Peripheral component interconnect (PCI) bus bridge 214 connected to I/O bus 212 provides an interface to PCI local bus 216. A number of modems 218–220 may be connected to PCI bus 216. Typical PCI bus implementations will support four PCI expansion slots or add-in connectors. Communications links to network computers 108–112 in
Additional PCI bus bridges 222 and 224 provide interfaces for additional PCI buses 226 and 228, from which additional modems or network adapters may be supported. In this manner, server 200 allows connections to multiple network computers. A memory mapped graphics adapter 230 and hard disk 232 may also be connected to I/O bus 212 as depicted, either directly or indirectly.
Those of ordinary skill in the art will appreciate that the hardware depicted in
The data processing system depicted in
With reference now to
An operating system runs on processor 302 and is used to coordinate and provide control of various components within data processing system 300 in
Those of ordinary skill in the art will appreciate that the hardware in
In reference to
With the print quotas in place, a network user can then submit a print job to one of the network printers, such as, for example, printers 116 or 118 in
If the requested print job exceeds the user's print quota, the job will be denied and automatically prevented from printing (step 404). If the requested print job does not exceed the user's print quota, the job will be allowed to print (step 407). After printing is completed, the invention logs how much of the user's quota has been used (step 408).
In one embodiment of the present invention, provisions are made for exceeding print quotas when necessary. Taking into account the fact that predetermined quotas will not be able to perfectly anticipate future printing needs, the present invention allows a network user to request special permission to exceed that user's print quota (step 405). This may be accomplished by means of, for example, a dialog box for submitting special requests to the network administrator. It is then up to the administrator to decide whether or not the user may exceed the print quota (step 406). If the administrator denies the special request, the print job in question will not be allowed to print (step 404). If the special request is granted, then the print job will be allowed to print (step 407).
Allowing special permission to exceed print quotas provides needed flexibility that cannot be accomplished with simple bright line rules, but still allows the administrator to minimize printing delays and the waste of limited resources. Special permission to exceed print quotas can also be automated and based on the total network printer use for that time interval, so that network administrators are not constantly bogged down with requests from users. In addition, special permission can be granted preemptively if a user is about to exceed his or her quota and network printer use is low for that time interval. In this way, the delay of having to process a formal request can be avoided.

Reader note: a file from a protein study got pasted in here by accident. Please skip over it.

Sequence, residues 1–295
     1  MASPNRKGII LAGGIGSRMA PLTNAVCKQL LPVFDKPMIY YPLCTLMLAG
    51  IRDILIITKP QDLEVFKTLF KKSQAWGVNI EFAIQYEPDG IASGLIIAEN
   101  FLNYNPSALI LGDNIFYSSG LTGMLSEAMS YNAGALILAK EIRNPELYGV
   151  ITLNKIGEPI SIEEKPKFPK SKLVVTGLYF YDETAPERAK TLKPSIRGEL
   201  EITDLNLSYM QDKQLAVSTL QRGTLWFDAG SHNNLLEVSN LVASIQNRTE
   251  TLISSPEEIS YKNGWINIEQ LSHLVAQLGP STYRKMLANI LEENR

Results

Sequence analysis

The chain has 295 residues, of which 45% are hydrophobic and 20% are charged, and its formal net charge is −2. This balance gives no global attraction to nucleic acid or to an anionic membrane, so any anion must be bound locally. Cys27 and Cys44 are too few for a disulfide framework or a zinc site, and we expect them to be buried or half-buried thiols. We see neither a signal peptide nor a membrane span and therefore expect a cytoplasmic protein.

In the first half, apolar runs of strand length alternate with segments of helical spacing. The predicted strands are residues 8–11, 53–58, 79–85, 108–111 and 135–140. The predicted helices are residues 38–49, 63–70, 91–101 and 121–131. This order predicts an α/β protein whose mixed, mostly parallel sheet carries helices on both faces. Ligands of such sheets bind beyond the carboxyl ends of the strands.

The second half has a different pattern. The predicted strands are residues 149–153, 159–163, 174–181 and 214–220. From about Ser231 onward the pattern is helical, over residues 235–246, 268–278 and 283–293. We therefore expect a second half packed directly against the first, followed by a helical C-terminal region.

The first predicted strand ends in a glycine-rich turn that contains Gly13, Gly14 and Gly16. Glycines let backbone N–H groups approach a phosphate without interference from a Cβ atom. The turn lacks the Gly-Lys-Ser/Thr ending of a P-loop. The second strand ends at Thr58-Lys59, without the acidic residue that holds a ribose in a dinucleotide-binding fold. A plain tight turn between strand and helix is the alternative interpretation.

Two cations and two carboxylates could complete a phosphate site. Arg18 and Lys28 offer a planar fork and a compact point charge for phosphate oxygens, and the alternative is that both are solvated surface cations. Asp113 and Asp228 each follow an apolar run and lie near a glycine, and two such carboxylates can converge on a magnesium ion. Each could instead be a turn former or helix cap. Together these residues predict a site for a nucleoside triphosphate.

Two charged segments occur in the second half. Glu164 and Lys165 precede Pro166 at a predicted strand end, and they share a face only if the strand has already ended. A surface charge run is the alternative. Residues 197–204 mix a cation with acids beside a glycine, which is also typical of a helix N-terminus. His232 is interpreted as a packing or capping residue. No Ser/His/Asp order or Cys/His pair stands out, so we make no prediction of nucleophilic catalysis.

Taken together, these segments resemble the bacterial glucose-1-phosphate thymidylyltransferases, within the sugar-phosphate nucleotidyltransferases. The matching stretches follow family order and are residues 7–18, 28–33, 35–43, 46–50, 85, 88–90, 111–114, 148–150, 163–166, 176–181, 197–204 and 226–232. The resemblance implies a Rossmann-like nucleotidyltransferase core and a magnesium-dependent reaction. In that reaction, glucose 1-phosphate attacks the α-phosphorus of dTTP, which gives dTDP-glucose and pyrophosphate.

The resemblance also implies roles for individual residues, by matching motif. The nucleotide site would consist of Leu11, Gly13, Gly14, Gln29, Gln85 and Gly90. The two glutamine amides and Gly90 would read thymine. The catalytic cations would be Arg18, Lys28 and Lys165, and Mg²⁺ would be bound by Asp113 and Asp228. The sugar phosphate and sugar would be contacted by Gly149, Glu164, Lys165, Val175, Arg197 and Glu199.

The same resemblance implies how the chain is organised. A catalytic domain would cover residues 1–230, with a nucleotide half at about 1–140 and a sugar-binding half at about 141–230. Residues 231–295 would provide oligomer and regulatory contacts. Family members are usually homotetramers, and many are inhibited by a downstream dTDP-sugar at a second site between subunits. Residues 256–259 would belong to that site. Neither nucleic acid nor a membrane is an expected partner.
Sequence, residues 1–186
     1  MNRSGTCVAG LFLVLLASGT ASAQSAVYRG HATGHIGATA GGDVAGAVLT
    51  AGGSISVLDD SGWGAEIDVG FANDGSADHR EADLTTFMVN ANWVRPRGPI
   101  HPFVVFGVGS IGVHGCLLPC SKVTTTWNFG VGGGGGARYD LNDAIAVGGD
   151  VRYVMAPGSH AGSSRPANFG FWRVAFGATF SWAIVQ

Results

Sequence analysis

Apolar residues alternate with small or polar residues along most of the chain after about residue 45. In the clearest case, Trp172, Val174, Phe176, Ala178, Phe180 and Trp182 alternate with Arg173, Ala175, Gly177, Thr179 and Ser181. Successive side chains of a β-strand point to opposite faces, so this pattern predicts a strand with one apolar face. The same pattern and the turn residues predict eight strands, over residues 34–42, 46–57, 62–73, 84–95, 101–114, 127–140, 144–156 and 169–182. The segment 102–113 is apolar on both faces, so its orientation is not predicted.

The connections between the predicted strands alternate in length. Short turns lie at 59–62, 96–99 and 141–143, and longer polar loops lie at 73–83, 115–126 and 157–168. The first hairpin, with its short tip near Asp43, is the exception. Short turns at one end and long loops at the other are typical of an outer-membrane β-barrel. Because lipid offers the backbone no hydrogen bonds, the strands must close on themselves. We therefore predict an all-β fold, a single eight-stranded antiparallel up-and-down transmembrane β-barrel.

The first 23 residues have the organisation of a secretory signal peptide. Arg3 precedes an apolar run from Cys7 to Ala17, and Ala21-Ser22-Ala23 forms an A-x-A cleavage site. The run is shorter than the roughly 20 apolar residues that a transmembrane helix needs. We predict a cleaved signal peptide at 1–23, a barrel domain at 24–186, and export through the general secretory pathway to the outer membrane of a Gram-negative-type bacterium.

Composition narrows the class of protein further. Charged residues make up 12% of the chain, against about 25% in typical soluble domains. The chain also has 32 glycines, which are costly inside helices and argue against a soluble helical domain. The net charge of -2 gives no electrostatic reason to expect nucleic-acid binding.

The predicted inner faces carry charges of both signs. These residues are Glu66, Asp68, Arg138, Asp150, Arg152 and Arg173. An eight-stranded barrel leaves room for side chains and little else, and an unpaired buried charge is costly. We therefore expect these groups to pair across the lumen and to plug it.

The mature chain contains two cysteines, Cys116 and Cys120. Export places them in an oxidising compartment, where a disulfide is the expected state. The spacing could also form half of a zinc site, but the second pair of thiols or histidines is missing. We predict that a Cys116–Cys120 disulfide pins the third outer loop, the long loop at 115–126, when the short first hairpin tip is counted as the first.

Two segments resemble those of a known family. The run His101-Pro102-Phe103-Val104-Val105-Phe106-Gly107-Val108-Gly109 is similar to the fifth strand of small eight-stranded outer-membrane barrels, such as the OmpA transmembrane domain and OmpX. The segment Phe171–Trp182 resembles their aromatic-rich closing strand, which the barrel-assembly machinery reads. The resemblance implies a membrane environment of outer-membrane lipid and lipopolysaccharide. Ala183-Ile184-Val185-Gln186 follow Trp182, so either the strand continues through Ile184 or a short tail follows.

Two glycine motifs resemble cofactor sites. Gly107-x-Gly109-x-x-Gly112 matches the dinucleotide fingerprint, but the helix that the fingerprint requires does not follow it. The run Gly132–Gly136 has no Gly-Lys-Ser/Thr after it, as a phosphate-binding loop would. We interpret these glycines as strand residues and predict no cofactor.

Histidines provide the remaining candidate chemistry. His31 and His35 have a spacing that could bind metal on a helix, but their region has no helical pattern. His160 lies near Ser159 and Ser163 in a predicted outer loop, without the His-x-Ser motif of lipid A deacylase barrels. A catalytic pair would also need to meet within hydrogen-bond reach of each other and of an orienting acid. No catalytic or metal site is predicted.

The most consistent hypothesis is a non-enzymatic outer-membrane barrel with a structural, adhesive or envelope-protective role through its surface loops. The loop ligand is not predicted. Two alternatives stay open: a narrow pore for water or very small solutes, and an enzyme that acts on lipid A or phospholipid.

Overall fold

By logging printer use for each network user in step 408, the network administrator can determine who the heaviest print users are. This information can be used to reign in users who might be wasting resources, or it could be used increase quotas for users with genuinely higher print requirements.
It is important to note that while the present invention has been described in the context of a fully functioning data processing system, those of ordinary skill in the art will appreciate that the processes of the present invention are capable of being distributed in the form of a computer readable medium of instructions and a variety of forms and that the present invention applies equally regardless of the particular type of signal bearing media actually used to carry out the distribution. Examples of computer readable media include recordable-type media, such as a floppy disk, a hard disk drive, a RAM, CD-ROMs, DVD-ROMs, and transmission-type media, such as digital and analog communications links, wired or wireless communications links using transmission forms, such as, for example, radio frequency and light wave transmissions. The computer readable media may take the form of coded formats that are decoded for actual use in a particular data processing system.
The description of the present invention has been presented for purposes of illustration and description, and is not intended to be exhaustive or limited to the invention in the form disclosed. Many modifications and variations will be apparent to those of ordinary skill in the art. The embodiment was chosen and described in order to best explain the principles of the invention, the practical application, and to enable others of ordinary skill in the art to understand the invention for various embodiments with various modifications as are suited to the particular use contemplated.
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|U.S. Classification||358/1.15, 709/226, 271/298|
|International Classification||G06F15/173, B65H39/10, G06F15/00|
|Cooperative Classification||H04L67/22, H04L67/12|
|European Classification||H04L29/08N21, H04L29/08N11|
|Oct 19, 2000||AS||Assignment|
Owner name: INTERNATIONAL BUSINESS MACHINES CORPORATION, NEW Y
Free format text: ASSIGNMENT OF ASSIGNORS INTEREST;ASSIGNORS:BHOGAL, KULVIR SINGH;BAWEJA, BALJEET SINGH;ISHMAEL, NIZAMUDEEN JR.;AND OTHERS;REEL/FRAME:011222/0114;SIGNING DATES FROM 20001004 TO 20001018
|Aug 6, 2007||AS||Assignment|
Owner name: INFOPRINT SOLUTIONS COMPANY, LLC, A DELAWARE CORPO
Free format text: ASSIGNMENT OF ASSIGNORS INTEREST;ASSIGNORS:INTERNATIONAL BUSINESS MACHINES CORPORATION, A NEW YORK CORPORATION;IBM PRINTING SYSTEMS, INC., A DELAWARE CORPORATION;SIGNING DATES FROM 20070622 TO 20070626;REEL/FRAME:019649/0875
|Jun 10, 2009||FPAY||Fee payment|
Year of fee payment: 4
|Jun 12, 2013||FPAY||Fee payment|
Year of fee payment: 8